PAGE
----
Bright star, would I were stedfast as thou art–
Not in lone splendour hung aloft the night
And watching, with eternal lids apart,
Like nature’s patient, sleepless Eremite,
The moving waters at their priestlike task
Of pure ablution round earth’s human shores,
Or gazing on the new soft-fallen mask
Of snow upon the mountains and the moors–
No–yet still stedfast, still unchangeable,
Pillow’d upon my fair love’s ripening breast,
To feel for ever its soft fall and swell,
Awake for ever in a sweet unrest,
Still, still to hear her tender-taken breath,
And so live ever–or else swoon to death.
I love poetry. There’s nothing more in this world that could make me feel as much emotion and imagine so much as it. It’s simply magical. It’s creation and writing at it’s finest. And there’s one poet who inspires me more than any other.
Every single one of his poems is written so articulately and beautifully that I could re-read it a thousand times over and still find it fascinating. It’s a true gift to be able to create works such magnitude as he did. It’s no wonder why the created a movie about him.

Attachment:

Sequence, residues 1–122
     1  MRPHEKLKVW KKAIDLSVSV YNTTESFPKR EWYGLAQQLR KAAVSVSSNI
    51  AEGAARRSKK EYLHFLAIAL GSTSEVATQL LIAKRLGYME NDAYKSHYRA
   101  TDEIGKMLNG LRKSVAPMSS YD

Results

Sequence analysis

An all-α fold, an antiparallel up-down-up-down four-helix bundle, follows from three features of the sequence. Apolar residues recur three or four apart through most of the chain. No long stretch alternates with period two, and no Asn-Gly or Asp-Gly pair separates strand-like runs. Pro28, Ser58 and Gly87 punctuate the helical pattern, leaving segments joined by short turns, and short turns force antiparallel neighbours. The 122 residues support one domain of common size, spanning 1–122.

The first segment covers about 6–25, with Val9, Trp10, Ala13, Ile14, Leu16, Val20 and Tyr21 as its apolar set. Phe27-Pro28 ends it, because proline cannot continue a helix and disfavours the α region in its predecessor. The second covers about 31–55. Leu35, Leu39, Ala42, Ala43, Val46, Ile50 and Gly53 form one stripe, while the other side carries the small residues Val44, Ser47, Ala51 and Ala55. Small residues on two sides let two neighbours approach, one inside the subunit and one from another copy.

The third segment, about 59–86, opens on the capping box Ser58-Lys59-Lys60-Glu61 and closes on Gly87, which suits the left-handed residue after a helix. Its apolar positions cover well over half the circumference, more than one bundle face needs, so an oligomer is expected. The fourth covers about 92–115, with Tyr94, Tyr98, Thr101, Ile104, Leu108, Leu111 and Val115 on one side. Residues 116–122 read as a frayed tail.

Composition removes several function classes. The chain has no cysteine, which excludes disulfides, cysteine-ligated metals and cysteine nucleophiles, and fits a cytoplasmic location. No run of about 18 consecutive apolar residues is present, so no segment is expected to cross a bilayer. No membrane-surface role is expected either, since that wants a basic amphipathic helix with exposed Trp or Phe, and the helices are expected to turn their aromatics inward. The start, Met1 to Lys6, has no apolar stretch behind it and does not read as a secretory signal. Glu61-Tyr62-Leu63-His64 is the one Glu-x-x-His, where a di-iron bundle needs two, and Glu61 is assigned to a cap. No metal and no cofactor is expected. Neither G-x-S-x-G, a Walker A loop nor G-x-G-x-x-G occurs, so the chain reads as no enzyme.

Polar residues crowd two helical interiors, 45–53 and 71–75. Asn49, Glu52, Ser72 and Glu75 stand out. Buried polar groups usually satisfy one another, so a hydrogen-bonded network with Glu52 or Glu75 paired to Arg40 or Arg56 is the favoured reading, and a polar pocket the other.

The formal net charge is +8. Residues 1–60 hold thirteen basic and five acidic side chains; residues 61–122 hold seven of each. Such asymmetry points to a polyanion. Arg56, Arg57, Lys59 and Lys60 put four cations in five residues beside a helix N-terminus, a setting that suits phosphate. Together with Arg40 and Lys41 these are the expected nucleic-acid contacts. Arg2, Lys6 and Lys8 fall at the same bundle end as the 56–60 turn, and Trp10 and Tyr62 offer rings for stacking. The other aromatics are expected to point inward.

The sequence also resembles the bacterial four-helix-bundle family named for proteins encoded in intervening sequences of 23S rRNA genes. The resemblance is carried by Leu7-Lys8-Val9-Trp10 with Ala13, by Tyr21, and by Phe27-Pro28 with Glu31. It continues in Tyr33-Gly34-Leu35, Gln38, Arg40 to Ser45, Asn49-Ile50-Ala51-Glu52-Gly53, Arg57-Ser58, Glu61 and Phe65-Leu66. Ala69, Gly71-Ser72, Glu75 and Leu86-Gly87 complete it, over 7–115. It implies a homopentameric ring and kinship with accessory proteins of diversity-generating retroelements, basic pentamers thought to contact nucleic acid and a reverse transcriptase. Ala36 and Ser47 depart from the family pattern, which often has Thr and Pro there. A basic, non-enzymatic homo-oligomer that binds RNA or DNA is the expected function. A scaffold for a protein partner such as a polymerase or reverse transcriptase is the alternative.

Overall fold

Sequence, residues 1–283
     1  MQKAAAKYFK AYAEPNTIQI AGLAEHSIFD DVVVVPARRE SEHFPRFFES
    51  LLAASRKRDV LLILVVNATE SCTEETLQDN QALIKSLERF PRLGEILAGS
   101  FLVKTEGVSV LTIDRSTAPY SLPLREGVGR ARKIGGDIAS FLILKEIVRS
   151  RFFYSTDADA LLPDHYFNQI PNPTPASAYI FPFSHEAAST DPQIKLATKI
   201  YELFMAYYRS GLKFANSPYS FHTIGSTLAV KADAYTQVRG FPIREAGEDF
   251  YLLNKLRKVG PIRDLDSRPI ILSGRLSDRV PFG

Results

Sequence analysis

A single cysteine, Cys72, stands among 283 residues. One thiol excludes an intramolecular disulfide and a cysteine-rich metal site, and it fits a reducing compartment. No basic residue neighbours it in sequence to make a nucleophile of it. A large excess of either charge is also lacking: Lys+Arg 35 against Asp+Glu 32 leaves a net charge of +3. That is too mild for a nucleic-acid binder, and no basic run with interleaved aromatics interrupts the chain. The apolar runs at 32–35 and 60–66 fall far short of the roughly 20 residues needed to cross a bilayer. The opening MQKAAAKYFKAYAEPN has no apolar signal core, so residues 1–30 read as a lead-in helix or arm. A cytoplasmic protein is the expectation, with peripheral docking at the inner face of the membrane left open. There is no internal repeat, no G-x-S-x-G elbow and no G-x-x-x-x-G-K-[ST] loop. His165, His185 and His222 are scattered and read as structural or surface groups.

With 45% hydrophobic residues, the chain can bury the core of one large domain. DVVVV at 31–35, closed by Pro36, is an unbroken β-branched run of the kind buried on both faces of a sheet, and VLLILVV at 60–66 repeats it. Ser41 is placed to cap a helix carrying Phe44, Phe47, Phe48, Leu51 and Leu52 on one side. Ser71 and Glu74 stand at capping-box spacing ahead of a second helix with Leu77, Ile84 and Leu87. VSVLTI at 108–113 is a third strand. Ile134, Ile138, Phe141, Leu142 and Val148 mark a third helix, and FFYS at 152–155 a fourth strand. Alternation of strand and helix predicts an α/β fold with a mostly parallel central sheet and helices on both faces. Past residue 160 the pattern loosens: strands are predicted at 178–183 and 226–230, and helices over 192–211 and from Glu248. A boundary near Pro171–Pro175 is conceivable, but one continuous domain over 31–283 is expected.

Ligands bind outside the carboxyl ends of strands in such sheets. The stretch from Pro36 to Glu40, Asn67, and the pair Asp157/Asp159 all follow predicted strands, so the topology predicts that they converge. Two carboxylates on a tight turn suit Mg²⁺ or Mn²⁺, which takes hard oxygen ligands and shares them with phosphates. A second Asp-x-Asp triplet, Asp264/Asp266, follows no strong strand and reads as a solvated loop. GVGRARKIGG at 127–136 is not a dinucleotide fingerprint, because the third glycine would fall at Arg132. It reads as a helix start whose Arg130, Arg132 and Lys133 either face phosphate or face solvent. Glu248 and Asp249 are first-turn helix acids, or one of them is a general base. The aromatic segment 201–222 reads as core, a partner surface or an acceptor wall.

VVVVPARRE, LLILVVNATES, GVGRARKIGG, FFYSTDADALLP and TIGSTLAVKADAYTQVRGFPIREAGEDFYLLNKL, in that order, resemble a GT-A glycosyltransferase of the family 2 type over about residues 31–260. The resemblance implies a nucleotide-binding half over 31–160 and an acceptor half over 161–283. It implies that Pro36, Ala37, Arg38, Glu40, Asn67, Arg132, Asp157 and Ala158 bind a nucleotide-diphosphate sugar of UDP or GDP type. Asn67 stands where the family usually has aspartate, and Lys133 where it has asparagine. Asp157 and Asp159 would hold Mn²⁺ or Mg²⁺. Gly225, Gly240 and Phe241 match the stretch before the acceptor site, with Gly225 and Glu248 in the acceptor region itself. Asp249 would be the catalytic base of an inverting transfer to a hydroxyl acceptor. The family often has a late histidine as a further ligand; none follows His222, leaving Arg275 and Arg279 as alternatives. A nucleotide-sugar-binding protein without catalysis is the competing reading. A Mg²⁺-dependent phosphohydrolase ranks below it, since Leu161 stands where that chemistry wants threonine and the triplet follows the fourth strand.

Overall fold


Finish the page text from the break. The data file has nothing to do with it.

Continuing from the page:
Bright Star is a film based loosely on the romance between Keats and Fanny Brawne. Even though story line is probably far from accurate, it’s an insanely beautiful movie. (Not to mention the casting is fitting and absolutely stunning.)
From start to finish your world becomes there’s and you find yourself immersed in 19th century England and into the lives and two young, ill-fated lovers. It’s captivating, and it my face, I couldn’t take a break while watching it. Every single detail is so accurate and the characters are so lovable that you wish that the movie would never end. Even the actor who plays John Keats, Ben Whishaw, has won numerous British acting awards, and in my opinion, irresistible in this movie.
It’s available on Netflix on demand. I would definitely recommend watching it.